Outlook 2014: Securities Litigation

Article by Phyllis Diamond from The Bureau of National Affairs; Posted Jan 16, 2014


Securities lawyers are awaiting the U.S. Supreme Court’s decision in a certification controversy that could have a major impact on the future of class securities-fraud litigation. The justices also are expected to rule on a SLUSA jurisdictional issue arising from R. Alan Stanford’s Ponzi scheme and a dispute over the Sarbanes-Oxley Act’s whistle-blower anti-retaliation protections. Meanwhile, the high court’s 2010 Morrison decision will continue to reverberate in 2014.

Lawyers Awaiting Halliburton Decision; Could Have Big Impact on Class Litigation
By Phyllis Diamond

Jan. 16 — Heading into 2014, the big story in private securities litigation is the U.S. Supreme Court’s highly anticipated ruling in Halliburton Co. v. Erica P. John Fund Inc. and what it could mean for the future of class securities fraud litigation.

The controversy, which centers on the viability of the 25-year old fraud-on-the-market doctrine, could sound the death knell for the ability of allegedly defrauded investors to sue on a class basis.

In the words of New York lawyer John Dellaportas, Morgan Lewis & Bockius LLP, a successful fraud-on-the- market challenge “would be like a nuclear bomb dropping in the securities world.” A significant decline in securities fraud class lawsuits also would have a serious impact on attorneys for plaintiff s and defendants alike.

Presumption of Reliance.

In the lawsuit, Halliburton Co., (HAL)which allegedly misled investors about its financial condition, is asking the justices to overturn Basic Inc. v. Levinson, a 1988 decision that established the fraud-on-the market presumption of reliance for investors who bought or sold securities in an efficient market.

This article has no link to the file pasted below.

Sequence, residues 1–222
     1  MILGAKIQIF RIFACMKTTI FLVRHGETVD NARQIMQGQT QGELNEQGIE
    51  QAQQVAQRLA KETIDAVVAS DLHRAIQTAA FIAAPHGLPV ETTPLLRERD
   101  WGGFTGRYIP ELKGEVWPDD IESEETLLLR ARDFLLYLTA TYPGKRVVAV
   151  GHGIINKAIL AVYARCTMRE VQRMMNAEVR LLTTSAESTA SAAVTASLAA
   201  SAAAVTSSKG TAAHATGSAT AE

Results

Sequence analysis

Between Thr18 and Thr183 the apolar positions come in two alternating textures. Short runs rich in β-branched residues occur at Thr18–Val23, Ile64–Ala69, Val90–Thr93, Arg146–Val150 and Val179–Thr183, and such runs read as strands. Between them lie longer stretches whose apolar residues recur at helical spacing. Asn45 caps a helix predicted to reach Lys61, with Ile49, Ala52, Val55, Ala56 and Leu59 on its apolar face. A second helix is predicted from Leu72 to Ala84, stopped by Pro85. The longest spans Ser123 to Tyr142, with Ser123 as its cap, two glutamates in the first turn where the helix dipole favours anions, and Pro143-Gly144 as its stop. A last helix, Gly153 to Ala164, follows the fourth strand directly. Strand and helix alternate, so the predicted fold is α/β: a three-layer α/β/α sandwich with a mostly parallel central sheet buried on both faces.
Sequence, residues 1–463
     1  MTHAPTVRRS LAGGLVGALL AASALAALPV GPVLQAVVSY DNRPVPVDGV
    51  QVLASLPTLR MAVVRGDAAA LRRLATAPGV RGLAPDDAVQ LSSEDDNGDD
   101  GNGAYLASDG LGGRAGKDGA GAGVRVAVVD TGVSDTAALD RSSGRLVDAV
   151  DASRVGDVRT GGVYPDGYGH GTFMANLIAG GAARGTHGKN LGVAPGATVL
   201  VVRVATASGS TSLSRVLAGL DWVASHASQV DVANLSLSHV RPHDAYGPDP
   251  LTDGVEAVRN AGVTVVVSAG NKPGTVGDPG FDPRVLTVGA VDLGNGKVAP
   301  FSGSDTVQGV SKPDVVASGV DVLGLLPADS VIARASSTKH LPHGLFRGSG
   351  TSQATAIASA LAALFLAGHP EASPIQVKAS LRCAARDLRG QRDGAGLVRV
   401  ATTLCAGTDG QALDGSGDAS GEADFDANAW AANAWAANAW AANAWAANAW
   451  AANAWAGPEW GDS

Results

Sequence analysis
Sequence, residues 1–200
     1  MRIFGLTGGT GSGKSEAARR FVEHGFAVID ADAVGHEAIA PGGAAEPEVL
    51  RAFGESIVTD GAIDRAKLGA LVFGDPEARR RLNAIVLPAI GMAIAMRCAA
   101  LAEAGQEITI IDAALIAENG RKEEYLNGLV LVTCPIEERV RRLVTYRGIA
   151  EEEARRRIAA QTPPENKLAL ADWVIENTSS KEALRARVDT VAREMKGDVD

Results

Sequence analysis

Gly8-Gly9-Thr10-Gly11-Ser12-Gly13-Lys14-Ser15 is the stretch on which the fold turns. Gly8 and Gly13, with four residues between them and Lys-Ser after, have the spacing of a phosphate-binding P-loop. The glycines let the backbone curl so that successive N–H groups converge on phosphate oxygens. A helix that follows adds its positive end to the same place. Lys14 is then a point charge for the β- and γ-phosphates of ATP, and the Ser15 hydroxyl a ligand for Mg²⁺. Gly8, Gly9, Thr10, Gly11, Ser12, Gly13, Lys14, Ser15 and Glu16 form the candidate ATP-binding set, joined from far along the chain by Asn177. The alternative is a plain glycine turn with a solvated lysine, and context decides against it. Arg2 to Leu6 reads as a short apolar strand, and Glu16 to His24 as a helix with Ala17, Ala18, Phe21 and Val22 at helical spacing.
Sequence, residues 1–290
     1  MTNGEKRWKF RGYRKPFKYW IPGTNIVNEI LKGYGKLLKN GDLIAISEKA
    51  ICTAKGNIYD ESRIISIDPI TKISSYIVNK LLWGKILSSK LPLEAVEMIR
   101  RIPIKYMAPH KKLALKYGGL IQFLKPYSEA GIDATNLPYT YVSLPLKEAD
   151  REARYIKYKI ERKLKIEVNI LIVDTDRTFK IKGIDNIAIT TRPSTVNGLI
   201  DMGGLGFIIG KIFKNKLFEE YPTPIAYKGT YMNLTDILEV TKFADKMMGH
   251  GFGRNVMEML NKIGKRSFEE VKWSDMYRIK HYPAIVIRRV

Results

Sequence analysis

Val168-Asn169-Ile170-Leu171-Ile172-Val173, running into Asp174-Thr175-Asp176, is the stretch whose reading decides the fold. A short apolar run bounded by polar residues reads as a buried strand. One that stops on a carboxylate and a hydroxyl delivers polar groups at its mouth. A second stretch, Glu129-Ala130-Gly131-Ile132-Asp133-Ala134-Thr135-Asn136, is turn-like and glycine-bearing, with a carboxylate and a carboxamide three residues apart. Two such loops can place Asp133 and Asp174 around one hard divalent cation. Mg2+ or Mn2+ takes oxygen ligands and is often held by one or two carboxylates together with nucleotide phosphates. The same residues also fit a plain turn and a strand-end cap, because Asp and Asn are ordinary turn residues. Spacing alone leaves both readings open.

Regardless of their view on the merits, lawyers contacted by Bloomberg BNA during January agreed that Halliburton could be momentous for both issuers and investors. The stakes for investors are enormous, Washington attorney Daniel Sommers, Cohen Milstein Sellers & Toll PLLC, said, He predicted that Halliburton “will be the most closely watched and potential y the most significant case impacting private securities litigation in the past quarter century.” The case is scheduled to be argued March 5.

In other action, the justices are slated to rule on two pending cases, a jurisdictional question involving victims of a Ponzi scheme and a whistle-blower retaliation dispute. The year could also see appellate review of district court decisions interpreting the high court’s Morrison decision.


In Halliburton, plaintiff Archdiocese of Milwaukee Supporting Fund Inc., now Erica P. John Fund Inc., alleged that between June 1999 and December 2001, the energy services company made material misrepresentations regarding litigation expenses and other matters. On its first Supreme Court trip in 2011, Halliburton failed to persuade the justices that plaintiffs must demonstrate loss causation to obtain class certification .

Undeterred, Halliburton renewed its opposition to class certification; this time, it argued that the class should not be certified because the alleged fraud did not affect the market price of its securities. However, the district court concluded that price-impact evidence had no bearing on whether common issues predominated under Fed.R.Civ.P. 23(b)(3) and the Fifth Circuit affirmed

In a move that came as no surprise to many securities lawyers, in November, the supreme court granted Halliburton’s certiorari petition

Over the past few years, the high court has tackled a number of cases involving class certification issues. A little less than a year ago, it concluded in Amgen Inc. v. Connecticut Retirement Plans and Trust Funds that to obtain class certification, investors relying on the fraud-on-the-market doctrine were not required to prove that the alleged misrepresentations were material to their investment decision .

“Halliburton will be the most closely watched and potentially the most significant case impacting private securities litigation in the past quarter century.”
Daniel S. Sommers
Cohen Milstein Sellers & Toll PLLC